Living the experience of solitude on an uninhabited tropical island, away from everything and everyone, has become a dream that can be achieved, thanks to an adventure provided by a French authority on Tromelin atoll within the Epars Islands, 560 kilometers north of La Reunion, in the Indian Ocean.
According to "AFP", the French Southern and Antarctic Land Administration organizes residence trips that rotate every three months on Tromelin Island, which has an area of one square kilometer, with the aim of securing a French presence on it, or even implementing programs for studies and protection of plant and animal species.
"Today we have very few opportunities" to live the experience of living on an empty island, says Emmanuel Kajo, 43, a former soldier who is participating for the second time and heading an expedition that will stay on the island for three months.
Kaju, who is passionate about botany and masters all construction trades, adds: "Going back again, why not? But not immediately, I rather want to discover another island," stressing that whoever is chosen to embark on this adventure must master sufficient manual skills that "enable him to problem solving or finding alternative solutions.
After three months of voluntary isolation, Kaju and his two colleagues, nurse Eriel Pietro and environmental officer Cami Loughran, are nearing completion as they await the arrival of the Land Authority's ship, the Marion Dufresne, bringing to the island their new trio.
The island, whose highest point is seven metres, is dotted with beach bushes a mere one meter tall, peeking out from among its branches the seven species of Tromelin Island birds.
From one bank of the island, the other bank can be seen without any barriers, except for a row of coconut trees at the northern end of the island that forms a path to the living space, which is a large building surrounded by other smaller buildings.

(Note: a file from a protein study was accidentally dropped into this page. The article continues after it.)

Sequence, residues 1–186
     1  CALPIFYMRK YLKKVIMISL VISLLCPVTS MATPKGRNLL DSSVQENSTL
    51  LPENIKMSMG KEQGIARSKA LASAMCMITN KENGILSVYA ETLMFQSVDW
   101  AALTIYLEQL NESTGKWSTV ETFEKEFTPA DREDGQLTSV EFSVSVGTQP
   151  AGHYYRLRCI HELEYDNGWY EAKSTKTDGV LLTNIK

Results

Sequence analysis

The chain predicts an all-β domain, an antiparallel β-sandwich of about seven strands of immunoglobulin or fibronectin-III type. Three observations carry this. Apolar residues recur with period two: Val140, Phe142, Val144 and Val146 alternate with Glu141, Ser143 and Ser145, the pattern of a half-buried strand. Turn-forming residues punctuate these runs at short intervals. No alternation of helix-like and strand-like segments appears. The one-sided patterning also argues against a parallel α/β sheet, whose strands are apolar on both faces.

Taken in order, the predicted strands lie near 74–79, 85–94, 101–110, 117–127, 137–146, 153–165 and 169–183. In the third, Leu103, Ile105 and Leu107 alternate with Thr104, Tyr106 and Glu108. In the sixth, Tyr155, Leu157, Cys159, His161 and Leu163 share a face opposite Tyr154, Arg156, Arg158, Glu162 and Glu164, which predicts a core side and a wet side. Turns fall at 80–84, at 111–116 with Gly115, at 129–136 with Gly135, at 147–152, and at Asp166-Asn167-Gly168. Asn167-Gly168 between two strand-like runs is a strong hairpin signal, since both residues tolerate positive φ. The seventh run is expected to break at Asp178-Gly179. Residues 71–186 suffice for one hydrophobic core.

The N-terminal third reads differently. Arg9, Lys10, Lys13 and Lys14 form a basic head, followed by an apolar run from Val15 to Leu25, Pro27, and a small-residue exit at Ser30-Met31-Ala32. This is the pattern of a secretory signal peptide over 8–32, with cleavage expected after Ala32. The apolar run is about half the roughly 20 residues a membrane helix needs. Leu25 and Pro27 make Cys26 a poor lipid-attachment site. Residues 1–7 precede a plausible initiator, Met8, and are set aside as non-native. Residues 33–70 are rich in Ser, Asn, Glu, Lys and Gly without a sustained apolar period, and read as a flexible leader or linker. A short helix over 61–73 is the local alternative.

The arrival of the Marion Dufrene every three months is a happy event for the three Tromelin Islanders, bringing an end to their isolation, but also grueling tasks for them; They must take care of about 20 people while they pack their belongings, relay information to the new mission, and receive tons of goods, including food, water, building materials, etc., by helicopter.
While Emmanuelle paces back and forth between the helipad and the living base, hauling metal containers with a small tractor, Ariel, 46, unloads boxes of frozen and canned food, and visitors help her store them neatly in the huge kitchen.
Ariel, who has been working in the field of nursing for 23 years, says that what made her excited about the idea of participation is that it allows her, to show various skills, and it gives her the opportunity to live on a deserted island. She jokingly expresses her annoyance that no one needed treatment during her stay, but explains that she was not complacent during this period.
She also recounts that she and her two teammates shared “daily tasks” from the beginning, as each of them had a day in which he was responsible for cooking or cleaning the common areas of the dwelling, in an effort to avoid household chores becoming a “source of conflicts”, but she confirms that this system of shifts “was not without helping each other,” whether it was his work time or not.
While Ariel's participation focused on the tasks that were assigned to Kami, for example, counting the number of green turtles that come to lay their eggs on the beaches, or counting the nests of one of the seven species of birds that nest on the island, but also "scare" the hooded gannets to prevent them from laying their eggs The runway is not in use, but it should be preserved for emergencies.
Each of the team members at the base has his own small white bedroom, which contains a bed, desk, wardrobe and sink, in addition to the common sections, such as the dining room, library and gym.
"I didn't live on Tromlin Island, I worked in Tromlin," says Ariel, considering that she is happy to "experience this adventure," especially since it is her "last job as a nurse," as she decided to stop practicing this profession she loves to avoid "exhaustion."
While the ship ferries everyone to La Reunion Island by helicopter, the Marion Dufresne sails back south, to Crozier and Kerguelen.
Source News Published on January 2- 2023 https://bintjbeil.org/post/60921/%D8%AA%D8%AC%D8%B1%D8%A8%D8%A9-%D9%81%D8%B1%D9%8A%D8%AF%D8%A9-%D9%88%D8%B3%D8%B7-%D8%A7%D9%84%D9%85%D8%AD%D9%8A%D8%B7-%D8%A7%D9%84%D9%87%D9%86%D8%AF%D9%8A-%D9%81%D8%B1%D9%86%D8%B3%D8%A7-%D8%AA%D9%88%D9%81%D8%B1